Part of the problem is that local news seems less relevant as local decision-making has been stripped away by centralising governments. Councils have become little more than administrators of central decisions and reorganisations in the name of efficiency have removed much of the cut and thrust of local politics.

The Local Government Chronicle reported last week:

… a chasm has opened up between Mr Clegg and Mr Pickles over the breadth and scope of the imminent local government resource review, with the communities secretary fiercely resisting the former’s calls for a much wider-ranging inquiry than that currently planned.

Mr Clegg is pushing for the introduction of local sales and fuel taxes and parking levies to be considered alongside a number of other measures, while Mr Pickles believes the review should not extend much further than the localisation of business rates and the introduction of Tax Increment Financing (TIF). Mr Pickles managed to block Mr Clegg from announcing the expanded review at a speech last week.

The LGC’s chief reporter, Allister Hayman writes in his blog that he is told by sources close to Mr Clegg that he has become increasingly concerned about the government’s lack of ambition in its decentralisation agenda. Clegg wants to “free local government from its overwhelming dependence on Treasury’s purse strings,” says Hayman.

We may question whether many councils, including SCC, are up to having such a large say over taxation. I feel we would be in for a bumpy ride but real power should revitalise local democracy with voters being more careful, insisting on better quality candidates from all the parties.

If the policy of localism is to have any real meaning eth power to tax enough to pay for the services must be devolved from the centre.

Suffolk changes “an experiment”

Trying to understand what is happening at Suffolk County Council is not easy. It is confused by two things happening at once — a deep political/philosophic reshaping of the role of the council and very heavy cuts in spending.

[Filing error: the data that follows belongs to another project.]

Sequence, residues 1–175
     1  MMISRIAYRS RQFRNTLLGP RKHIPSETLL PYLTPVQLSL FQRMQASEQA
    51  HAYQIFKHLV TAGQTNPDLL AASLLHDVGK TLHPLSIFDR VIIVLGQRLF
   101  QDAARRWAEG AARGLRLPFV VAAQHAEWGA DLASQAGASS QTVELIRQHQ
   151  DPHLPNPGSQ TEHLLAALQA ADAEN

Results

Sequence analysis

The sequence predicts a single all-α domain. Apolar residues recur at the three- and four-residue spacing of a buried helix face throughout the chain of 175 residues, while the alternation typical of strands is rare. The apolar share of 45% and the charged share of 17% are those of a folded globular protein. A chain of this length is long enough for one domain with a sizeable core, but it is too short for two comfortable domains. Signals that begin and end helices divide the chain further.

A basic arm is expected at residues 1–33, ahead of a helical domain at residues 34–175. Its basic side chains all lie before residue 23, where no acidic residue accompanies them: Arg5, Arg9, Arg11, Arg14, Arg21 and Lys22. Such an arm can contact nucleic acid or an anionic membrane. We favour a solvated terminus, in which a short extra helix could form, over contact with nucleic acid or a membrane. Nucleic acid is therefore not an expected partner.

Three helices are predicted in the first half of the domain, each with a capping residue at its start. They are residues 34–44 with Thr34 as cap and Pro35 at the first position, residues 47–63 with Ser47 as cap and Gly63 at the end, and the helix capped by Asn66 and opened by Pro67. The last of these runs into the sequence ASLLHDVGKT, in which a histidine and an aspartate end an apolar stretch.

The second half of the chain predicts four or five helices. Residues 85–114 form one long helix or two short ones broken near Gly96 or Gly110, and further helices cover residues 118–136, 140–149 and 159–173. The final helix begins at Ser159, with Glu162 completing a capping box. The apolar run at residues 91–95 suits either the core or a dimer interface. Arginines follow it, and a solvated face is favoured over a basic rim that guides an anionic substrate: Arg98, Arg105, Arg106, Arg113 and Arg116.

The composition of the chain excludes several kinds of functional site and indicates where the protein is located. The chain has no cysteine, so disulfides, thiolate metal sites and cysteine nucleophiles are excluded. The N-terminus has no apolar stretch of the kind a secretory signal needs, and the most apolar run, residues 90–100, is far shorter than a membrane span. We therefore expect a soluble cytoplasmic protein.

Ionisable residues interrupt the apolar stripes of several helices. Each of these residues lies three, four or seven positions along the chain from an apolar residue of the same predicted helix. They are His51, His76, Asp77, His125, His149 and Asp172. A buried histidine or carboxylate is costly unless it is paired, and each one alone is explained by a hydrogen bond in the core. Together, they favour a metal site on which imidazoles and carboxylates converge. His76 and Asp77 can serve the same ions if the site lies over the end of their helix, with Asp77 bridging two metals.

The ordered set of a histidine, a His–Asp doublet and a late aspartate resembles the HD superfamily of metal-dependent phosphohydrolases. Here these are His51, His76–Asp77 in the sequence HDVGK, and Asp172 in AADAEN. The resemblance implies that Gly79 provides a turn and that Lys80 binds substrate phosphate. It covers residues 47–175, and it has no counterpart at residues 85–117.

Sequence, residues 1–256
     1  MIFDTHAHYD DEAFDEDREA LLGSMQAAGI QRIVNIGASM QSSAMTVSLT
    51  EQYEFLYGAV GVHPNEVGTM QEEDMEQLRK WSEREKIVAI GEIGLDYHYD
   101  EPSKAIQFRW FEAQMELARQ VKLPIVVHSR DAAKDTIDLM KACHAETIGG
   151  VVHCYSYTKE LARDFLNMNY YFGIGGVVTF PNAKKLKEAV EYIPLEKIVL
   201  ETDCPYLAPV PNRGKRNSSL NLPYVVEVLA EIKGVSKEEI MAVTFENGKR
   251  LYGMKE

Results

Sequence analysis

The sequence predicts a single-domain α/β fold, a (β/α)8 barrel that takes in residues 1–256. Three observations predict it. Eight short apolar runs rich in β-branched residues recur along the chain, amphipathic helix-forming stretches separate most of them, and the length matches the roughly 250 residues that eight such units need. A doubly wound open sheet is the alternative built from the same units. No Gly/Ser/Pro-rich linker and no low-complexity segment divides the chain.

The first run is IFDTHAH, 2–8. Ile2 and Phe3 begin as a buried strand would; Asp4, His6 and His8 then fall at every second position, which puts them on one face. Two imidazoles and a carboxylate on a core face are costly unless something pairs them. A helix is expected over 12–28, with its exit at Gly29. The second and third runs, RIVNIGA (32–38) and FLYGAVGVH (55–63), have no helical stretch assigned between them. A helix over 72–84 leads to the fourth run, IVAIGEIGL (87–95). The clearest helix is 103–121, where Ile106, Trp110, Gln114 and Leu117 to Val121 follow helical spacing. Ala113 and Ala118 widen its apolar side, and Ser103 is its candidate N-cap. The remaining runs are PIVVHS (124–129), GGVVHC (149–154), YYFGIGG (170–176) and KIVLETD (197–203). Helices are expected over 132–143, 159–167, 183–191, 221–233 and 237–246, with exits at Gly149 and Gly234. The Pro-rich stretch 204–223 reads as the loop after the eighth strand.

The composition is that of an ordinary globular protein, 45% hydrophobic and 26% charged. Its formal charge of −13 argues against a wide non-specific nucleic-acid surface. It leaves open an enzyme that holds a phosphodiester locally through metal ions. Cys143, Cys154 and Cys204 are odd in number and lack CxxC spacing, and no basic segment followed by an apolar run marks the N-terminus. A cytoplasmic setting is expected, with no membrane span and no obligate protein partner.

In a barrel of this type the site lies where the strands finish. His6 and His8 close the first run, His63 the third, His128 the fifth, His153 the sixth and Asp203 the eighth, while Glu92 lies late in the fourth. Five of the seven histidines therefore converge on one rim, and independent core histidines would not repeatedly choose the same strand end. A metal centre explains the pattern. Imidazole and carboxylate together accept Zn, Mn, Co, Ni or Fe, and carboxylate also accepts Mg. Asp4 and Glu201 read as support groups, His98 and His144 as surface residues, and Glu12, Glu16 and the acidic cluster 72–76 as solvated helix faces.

John Tizard, director of the Centre for Public Service Partnerships, raised many of the issues in an article for Public Finance magazine and website. He concluded:

Local government has a specific responsibility to local people, communities and businesses – and must ensure that they honour these responsibilities. Given the financial, economic, social and demographic pressures no one can doubt that there needs to be some radical changes, but has Suffolk found the right solution for Suffolk?

To reach a judgement, we (and the citizens of Suffolk) need the answers to the questions posed earlier and, most importantly, we need to know what local people think. Without public authorisation and consent it might prove the wrong decision to rush into implementation of what could be irreversible actions with dramatic consequences.

This appeared at the beginning of October but I believe it is still worth reading in full. Tizard is an extremely well-informed commentator, having worked for Capita and the CBI before heading the Centre for Public Service Partnerships. He was also joint leader of Bedfordshire County Council for eight years.

He may well take a different view now and have answers to some of the questions he poses.

In his article he posed ten strategic questions which required reasoned, evidence-based answers. I don’t think Suffolk people have those answers yet.

He wrote:

There is little doubt that the Suffolk experiment is precisely that – an experiment, because no other UK local authority has embarked on such a programme, albeit that others have adopted elements of it on a much smaller scale.  To that end, the council would, if intent on such an approach, be well advised to consider piloting some of its proposals in the first instance.

If Tizard would like to update his comments I will be very happy to publish whatever he sends me. In the meantime I urge people to read his original article.